Originally posted on September 25, 2023 | By: John Hackston

Teams are important, often essential.

Are you a member of one or more teams at work? If you answered “no,” then you are in the minority compared to most workers. In recent research by the careers site Zippia, more than 50 percent of workers in the United States said that their jobs depended on collaborating, and three-quarters rated teamwork and collaboration as being very important. In the same survey, 86 percent of managers and leaders blamed lack of collaboration as the top reason for workplace failures.

Teams are critical for organizational success, and teams, particularly diverse teams, have advantages over individual workers in terms of factors like innovation. There are of course some situations in which less diverse, more homogeneous teams can outperform more diverse teams. For example, when a team is using existing, set processes to carry out simple tasks in a steady-state environment with low levels of uncertainty and ambiguity.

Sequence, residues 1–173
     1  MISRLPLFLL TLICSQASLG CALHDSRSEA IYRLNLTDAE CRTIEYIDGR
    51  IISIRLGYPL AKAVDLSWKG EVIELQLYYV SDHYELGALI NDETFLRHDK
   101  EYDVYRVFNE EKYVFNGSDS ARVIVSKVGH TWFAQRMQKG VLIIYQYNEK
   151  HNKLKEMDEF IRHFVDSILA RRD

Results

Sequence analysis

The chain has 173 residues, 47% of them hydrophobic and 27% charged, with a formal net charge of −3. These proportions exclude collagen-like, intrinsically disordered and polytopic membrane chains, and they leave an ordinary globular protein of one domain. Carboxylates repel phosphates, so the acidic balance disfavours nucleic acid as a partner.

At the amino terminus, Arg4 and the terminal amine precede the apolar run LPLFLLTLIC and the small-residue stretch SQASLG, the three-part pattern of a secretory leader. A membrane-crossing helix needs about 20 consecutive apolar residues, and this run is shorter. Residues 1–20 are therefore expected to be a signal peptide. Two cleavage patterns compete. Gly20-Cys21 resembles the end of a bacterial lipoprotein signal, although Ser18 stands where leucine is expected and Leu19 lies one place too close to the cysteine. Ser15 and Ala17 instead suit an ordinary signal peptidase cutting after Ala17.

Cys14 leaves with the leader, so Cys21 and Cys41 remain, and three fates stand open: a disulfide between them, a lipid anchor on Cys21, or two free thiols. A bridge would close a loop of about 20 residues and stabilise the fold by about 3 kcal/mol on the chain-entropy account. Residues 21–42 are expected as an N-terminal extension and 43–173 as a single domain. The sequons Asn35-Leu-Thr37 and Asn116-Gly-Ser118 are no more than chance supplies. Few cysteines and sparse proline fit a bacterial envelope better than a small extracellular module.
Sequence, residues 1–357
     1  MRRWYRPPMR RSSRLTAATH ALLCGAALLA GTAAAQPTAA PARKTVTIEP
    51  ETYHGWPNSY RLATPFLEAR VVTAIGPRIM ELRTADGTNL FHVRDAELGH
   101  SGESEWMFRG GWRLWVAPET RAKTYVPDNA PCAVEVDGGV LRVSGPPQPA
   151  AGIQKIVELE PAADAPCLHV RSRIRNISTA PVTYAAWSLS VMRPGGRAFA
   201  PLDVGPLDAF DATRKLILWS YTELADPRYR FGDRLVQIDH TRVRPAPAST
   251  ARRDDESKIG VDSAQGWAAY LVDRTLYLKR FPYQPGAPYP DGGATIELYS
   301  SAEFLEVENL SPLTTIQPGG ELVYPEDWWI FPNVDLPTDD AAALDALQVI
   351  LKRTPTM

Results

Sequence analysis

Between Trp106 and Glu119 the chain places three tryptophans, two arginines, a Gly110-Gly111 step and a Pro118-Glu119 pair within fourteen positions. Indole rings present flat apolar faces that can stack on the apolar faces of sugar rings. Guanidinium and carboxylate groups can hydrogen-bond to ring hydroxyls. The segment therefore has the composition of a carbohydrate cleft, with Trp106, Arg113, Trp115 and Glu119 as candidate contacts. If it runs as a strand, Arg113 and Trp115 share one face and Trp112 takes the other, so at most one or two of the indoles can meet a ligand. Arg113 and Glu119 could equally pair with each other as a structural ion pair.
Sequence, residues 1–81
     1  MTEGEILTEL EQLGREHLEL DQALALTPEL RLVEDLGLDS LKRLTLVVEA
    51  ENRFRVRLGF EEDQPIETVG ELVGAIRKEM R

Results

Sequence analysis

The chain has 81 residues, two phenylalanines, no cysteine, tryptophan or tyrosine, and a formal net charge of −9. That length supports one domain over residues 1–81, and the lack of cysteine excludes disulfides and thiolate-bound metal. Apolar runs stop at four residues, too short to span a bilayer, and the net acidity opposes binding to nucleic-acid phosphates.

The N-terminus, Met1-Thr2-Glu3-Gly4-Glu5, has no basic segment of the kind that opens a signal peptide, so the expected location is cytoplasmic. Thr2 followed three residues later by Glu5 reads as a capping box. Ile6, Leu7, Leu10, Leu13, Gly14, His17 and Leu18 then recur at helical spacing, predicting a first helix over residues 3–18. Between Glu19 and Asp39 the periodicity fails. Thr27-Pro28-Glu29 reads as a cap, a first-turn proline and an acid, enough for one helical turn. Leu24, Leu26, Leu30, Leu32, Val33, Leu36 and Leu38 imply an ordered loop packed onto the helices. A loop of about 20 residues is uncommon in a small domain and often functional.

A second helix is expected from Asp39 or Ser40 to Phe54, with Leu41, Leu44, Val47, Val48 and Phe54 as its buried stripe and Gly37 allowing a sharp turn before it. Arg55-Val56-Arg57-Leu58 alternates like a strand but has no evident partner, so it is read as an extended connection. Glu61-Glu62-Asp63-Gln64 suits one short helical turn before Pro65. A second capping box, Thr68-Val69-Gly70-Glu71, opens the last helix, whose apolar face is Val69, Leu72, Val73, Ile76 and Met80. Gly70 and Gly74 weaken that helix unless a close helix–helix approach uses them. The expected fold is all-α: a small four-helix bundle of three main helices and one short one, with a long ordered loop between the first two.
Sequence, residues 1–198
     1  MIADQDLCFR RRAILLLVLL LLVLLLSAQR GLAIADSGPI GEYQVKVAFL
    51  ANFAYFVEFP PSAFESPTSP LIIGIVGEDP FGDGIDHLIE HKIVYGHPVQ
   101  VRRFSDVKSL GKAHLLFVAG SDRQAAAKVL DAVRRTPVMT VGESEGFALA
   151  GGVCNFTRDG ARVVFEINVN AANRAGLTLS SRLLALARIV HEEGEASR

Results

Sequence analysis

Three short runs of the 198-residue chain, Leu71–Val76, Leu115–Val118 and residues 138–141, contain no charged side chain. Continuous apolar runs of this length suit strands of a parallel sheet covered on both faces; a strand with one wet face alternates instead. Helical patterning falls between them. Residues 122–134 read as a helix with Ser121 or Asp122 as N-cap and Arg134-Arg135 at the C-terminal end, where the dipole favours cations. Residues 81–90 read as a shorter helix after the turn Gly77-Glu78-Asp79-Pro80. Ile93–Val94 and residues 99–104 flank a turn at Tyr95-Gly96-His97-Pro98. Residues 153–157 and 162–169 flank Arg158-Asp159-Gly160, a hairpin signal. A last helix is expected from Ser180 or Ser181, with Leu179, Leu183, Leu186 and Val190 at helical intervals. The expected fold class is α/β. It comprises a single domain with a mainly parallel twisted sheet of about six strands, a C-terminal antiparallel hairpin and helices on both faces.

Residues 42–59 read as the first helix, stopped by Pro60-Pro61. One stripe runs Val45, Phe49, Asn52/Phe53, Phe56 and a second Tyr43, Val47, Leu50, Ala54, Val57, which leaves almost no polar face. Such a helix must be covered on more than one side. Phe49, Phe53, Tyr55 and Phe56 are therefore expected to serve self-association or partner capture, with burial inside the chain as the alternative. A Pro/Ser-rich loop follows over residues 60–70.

However, diverse teams perform better where innovation, creativity, or new processes are needed, where the situation is changing, uncertain, or ambiguous, or where more complex responses are required. Today, the business environment for most teams in most organizations is much more likely to be like the second of these alternatives.

Read the full article on diversity in personality types and teamwork here.